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Women 65 or Older Have Worse Virologic Control Than Men in Italian Cohort
  16th European AIDS Conference, October 25-27, 2017. Milan
Mark Mascolini
Women 65 or older in the Italian GEPPO cohort had a lower virologic suppression rate than elderly men, but they had a better CD4/CD8 ratio than men [1]. The researchers suggested differences in regimens, adverse events, comorbidities, or drug-drug interactions could explain the worse virologic control in women.
Prospective cohort studies in Europe (AGEhIV, POPPY) and the United States (VACS) aim to evaluate health changes in older adults with versus without HIV. But these cohort include relatively few women and none are designed to compare outcomes in elderly women and elderly men. GEPPO, Geriatric Patients Living With HIV/AIDS, is a prospective cohort of HIV-positive people 65 or older in 10 outpatient clinics in Italy [2]. Participants are tracked for major comorbidities and for polypharmacy, defined as use of 5 or more drugs other than antiretrovirals.
This cross-sectional analysis compared 210 GEPPO women 65 or older with 1027 GEPPO men the same age. Women did not differ significantly from men in age (average 71.8 and 71.0), proportion of Caucasians (97.1% and 98.5%), HIV duration (15.8 and 16 years), HCV antibody positivity (11.8% and 11.3%), or hepatitis B surface antigen positivity (8% and 8.8%).
A significantly lower proportion of women than men had a viral load below 50 copies (74.3% versus 81.8%, P = 0.002). Women had a lower nadir CD4 count than men (153 versus 189, P = 0.012) but a higher (better) current CD4/CD8 ratio (1.01 versus 0.9, P = 0.016). Current CD4 count was similar in women and men (635 and 641).
Similar proportions of women and men were taking a single antiretroviral or two antiretrovirals (28.6% and 29.1%). A lower proportion of women were taking a protease inhibitor (39.5% versus 46.8%, P = 0.05), and a nonsignificantly higher proportion of women were taking an integrase inhibitor (35.7% versus 29.7%). Women with bone disease took protease inhibitors significantly less often than men with bone disease (38% versus 53.7%, P = 0.026) and took boosted regimens significantly less often (30.4% versus 44%, P = 0.048).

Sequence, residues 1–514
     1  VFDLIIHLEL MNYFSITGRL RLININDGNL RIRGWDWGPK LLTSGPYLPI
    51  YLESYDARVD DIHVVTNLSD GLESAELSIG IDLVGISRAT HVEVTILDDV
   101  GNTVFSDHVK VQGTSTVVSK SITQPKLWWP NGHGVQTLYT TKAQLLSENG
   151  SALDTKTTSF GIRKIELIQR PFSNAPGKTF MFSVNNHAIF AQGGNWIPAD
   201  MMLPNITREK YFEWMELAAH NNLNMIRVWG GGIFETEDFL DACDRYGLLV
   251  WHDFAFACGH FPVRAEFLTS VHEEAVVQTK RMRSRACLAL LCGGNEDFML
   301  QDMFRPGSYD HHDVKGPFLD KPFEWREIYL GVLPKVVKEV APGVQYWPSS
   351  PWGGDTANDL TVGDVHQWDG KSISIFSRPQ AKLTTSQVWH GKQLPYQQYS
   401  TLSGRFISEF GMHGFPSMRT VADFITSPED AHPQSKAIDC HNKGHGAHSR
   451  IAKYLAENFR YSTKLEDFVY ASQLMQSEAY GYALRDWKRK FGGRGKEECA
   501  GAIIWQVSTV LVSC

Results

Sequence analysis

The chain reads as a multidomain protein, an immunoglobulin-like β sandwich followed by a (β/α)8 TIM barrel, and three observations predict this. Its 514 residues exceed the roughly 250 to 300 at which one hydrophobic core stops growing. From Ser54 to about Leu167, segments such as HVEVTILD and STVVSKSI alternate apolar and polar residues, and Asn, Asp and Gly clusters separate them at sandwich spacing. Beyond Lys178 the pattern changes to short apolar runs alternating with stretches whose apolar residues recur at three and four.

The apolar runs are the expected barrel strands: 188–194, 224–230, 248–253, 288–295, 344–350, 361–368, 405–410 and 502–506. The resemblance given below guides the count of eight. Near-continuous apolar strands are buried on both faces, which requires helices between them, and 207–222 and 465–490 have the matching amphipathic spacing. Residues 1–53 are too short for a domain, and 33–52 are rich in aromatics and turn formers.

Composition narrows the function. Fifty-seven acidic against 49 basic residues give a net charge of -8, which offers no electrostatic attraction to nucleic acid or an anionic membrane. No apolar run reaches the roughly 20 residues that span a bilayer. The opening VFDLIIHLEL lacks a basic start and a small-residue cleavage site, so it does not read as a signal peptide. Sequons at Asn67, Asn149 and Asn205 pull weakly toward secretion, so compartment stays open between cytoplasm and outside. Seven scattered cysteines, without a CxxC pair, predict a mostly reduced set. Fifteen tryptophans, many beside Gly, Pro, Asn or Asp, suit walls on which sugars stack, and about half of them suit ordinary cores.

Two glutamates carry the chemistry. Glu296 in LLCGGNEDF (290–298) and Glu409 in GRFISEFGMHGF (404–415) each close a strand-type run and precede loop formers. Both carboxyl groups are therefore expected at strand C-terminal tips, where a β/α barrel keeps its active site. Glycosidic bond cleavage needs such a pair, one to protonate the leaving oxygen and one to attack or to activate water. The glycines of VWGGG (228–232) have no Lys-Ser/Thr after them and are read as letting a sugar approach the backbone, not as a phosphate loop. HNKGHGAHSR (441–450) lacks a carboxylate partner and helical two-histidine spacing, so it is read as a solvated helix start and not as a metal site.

Average number of comorbidities was similar in women and men (2.19 and 2.37), but women had a significantly lower prevalence of cardiovascular disease (about 10% versus 20%, P < 0.001) and significantly higher prevalence of bone disease (about 50% versus 20%, P < 0.001). Polypharmacy rates were similar in women and men (20% and 22.8%). A significantly higher proportion of women than men used antilipid drugs (20.5% versus 14.8%, P = 0.04), but a significantly lower proportion of women received antithrombotic agents (18.6% versus 26.3%, P = 0.019), even when the medical record indicated cardiovascular disease (P = 0.018).
GEPPO investigators believe this is the largest analysis of HIV-positive women 65 or older. They surmised that the lower CD4 nadir in women than men reflects late diagnosis, perhaps because women get targeted in HIV screening programs less often than men. Several factors could explain the worse virologic response in women than men, the researchers noted, including differing antiretroviral choices in women and more adverse events or drug-drug interactions.
1. Foca E, Magro P, Guaraldi G, et al. Elderly HIV-positive women in the GEPPO cohort: a gender-based analysis of viro-immunological, clinical and therapeutical features. 16th European AIDS Conference. October 25-27, 2017. Milan. Abstract PS5/1.
2. Nozza S, Malagoli A, Maia L, et al. Antiretroviral therapy in geriatric HIV patients: the GEPPO cohort study. J Antimicrob Chemother. 2017 Jun 10. doi: 10.1093/jac/dkx169. Epub ahead of print.